The Secret to Marketing to Millennials: Stop Marketing to “Millennials”

The hot topic in journalism and marketing is figuring out how to appeal to Millennials these days. The problem is that 80 million people can’t all feel the same. In fact, they don’t. Yet marketers are strategizing as though Millennials have the same psychographics and belief system.

There is no denial that there are some commonalities among Millennials since this generation has faced things that have, and will continue to influence their world view. It would affect any generation. The recession, 9-11, social media, smartphone technology and a slow economic recovery will have a lasting impact on this generation. But, some of the stereotypes are getting marketers in trouble.


The above billboard in St. Louis is probably the worst example of stereotyping Millennials – that they are dependent on their parents. This kind of marketing does not match what I know about Millennials. My experience has been the exact opposite.

There’s More than One Choice for this New Generation

Marketers get into trouble when they buy the stereotypes about Millennials and begin to treat them as though they are all the same.

The reality is that Millennials are very diverse in terms of their social, economic and philosophical beliefs. With social media and the ability to build a group interested in a topic or niche area, Millennials have some of the most varied interests and world views. This generation learns so much via collaboration and sharing ideas using social media.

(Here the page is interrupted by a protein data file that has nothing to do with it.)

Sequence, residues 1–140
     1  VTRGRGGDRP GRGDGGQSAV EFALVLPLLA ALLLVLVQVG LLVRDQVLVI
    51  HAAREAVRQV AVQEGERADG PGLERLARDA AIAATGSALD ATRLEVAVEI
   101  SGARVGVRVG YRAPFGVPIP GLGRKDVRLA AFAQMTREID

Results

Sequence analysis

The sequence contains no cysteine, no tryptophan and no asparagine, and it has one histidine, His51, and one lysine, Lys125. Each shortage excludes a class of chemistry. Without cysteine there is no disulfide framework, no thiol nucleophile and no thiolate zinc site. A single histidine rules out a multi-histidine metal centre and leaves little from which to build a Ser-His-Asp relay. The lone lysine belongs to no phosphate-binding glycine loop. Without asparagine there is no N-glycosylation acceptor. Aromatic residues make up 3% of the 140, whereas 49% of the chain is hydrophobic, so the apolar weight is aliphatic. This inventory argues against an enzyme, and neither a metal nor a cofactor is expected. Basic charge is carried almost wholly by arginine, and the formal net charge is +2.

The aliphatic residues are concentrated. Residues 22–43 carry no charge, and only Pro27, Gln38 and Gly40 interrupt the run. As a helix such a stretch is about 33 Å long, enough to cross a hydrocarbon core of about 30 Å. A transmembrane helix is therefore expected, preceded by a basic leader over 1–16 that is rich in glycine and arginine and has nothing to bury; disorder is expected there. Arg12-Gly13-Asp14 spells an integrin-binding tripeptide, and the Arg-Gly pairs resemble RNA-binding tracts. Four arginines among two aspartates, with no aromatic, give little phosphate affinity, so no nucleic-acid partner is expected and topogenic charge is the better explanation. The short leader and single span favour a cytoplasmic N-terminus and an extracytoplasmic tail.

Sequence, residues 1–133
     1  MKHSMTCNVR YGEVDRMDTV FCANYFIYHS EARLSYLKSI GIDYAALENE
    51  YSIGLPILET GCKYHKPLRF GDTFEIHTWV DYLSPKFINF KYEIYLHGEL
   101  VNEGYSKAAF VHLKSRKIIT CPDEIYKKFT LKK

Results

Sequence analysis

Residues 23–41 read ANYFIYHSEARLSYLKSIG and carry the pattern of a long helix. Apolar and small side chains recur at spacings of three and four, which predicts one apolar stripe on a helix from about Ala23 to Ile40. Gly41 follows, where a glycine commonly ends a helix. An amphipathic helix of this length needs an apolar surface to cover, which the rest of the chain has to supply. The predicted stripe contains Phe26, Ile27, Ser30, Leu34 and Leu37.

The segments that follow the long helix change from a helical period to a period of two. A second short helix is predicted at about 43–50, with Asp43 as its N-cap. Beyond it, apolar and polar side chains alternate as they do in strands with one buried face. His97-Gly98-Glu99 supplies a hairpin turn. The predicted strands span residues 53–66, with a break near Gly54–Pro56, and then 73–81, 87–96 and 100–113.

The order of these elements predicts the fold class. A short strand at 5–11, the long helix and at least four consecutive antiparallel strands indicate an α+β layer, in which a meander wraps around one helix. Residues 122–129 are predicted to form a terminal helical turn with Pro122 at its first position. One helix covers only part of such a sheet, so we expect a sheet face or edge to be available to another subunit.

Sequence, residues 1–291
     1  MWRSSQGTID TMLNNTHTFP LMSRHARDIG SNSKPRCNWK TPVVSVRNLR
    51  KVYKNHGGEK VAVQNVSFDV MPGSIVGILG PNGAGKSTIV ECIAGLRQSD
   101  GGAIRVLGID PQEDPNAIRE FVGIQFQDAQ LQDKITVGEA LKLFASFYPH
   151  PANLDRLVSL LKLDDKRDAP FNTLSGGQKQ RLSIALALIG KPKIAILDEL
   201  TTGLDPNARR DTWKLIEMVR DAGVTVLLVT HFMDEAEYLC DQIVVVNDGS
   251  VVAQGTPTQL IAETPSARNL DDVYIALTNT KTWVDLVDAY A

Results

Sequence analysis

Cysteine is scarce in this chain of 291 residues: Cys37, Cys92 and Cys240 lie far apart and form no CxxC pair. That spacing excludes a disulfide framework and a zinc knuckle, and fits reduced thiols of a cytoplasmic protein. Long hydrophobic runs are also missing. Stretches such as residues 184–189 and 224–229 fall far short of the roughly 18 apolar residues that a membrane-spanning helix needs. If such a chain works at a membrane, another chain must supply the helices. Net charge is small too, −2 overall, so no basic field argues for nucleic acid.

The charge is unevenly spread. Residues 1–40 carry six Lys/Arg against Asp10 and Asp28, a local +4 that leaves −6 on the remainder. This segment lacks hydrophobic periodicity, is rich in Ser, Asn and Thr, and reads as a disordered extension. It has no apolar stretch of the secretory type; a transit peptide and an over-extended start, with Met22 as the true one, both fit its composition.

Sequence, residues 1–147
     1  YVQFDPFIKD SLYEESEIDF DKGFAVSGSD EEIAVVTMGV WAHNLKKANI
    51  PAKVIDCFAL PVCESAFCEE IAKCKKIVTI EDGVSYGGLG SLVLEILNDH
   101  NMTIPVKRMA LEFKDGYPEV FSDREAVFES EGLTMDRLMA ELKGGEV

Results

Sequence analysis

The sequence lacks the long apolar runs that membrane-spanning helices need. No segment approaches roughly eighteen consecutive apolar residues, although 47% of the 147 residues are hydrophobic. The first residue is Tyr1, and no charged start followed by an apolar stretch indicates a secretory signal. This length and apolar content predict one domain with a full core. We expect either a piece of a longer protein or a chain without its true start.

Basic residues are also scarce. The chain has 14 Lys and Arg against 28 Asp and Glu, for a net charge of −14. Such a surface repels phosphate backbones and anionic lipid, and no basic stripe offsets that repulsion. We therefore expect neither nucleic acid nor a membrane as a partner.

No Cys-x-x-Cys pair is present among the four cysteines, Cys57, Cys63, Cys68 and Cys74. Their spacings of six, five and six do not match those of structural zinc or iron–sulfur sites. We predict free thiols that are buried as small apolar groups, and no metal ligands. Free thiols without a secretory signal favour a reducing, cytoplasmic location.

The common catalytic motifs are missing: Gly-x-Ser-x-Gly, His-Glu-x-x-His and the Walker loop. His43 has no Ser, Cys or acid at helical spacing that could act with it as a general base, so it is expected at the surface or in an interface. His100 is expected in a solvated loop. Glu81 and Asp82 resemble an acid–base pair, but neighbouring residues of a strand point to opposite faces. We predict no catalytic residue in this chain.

The average Millennial is exposed to so many new topics, world views and areas of interest that no other generation has had access to in their formative years. Many of these ideas are the kinds of things that a Gen-Xer didn’t know about until they were 40. Today, you can gain support for a local issue and gain international pressure all from typing 140 characters. You can search out people who have the same interest as you, follow them, join their group and share in the niched interest.

Personally I am interested in climbing 14,000-foot peaks in Colorado. Twenty years ago, most Gen-Xers had never heard about climbing peaks in Colorado unless you lived in Colorado. Today there are step-by-step instructions, videos, groups and many people sharing their experience on social media.

The Death of the Monoculture

Previous generations were drawn to a trend or a brand via traditional media. We all remember the same Pepsi commercial because it was playing during the same Saturday morning program that we were all watching. But it was much harder to share niche areas to your sphere of people. Today a single trend is not nearly as strong as it once was.

Remember parachute pants? Everyone knew what they were and why we were wearing them. If you were the first person in your middle school to get them, you were the envy of the playground.

Today we have niche trends not mass trends. Gone are the days of the monoculture. You can no longer have a creative jingle and attract a mass of people. Today, you need different approaches to appeal to specific groups. There is no longer pulling a magic lever and the people all follow.

Marketers need to be careful out there. It’s time to get your creative team out of the basement and into the conversations that people are having about brands and niched interests. Treating a mass of people as though they can be labeled with a generational stereotype is not effective – especially with this diverse generation.

Tags: , , , , ,